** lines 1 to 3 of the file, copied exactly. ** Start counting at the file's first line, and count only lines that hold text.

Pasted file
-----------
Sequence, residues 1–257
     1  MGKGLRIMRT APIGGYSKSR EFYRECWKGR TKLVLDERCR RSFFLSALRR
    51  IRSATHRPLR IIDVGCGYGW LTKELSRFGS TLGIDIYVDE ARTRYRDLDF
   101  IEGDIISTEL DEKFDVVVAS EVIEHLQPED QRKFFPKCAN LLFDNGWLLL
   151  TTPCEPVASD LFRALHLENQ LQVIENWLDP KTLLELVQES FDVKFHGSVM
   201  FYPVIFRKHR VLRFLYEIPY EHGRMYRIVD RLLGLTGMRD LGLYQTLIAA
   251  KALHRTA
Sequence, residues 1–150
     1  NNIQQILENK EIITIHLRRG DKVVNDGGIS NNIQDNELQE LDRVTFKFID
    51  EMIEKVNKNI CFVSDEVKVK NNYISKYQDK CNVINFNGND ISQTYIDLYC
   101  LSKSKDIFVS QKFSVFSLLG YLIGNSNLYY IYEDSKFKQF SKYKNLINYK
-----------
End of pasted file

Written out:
Sequence, residues 1–257
     1  MGKGLRIMRT APIGGYSKSR EFYRECWKGR TKLVLDERCR RSFFLSALRR
    51  IRSATHRPLR IIDVGCGYGW LTKELSRFGS TLGIDIYVDE ARTRYRDLDF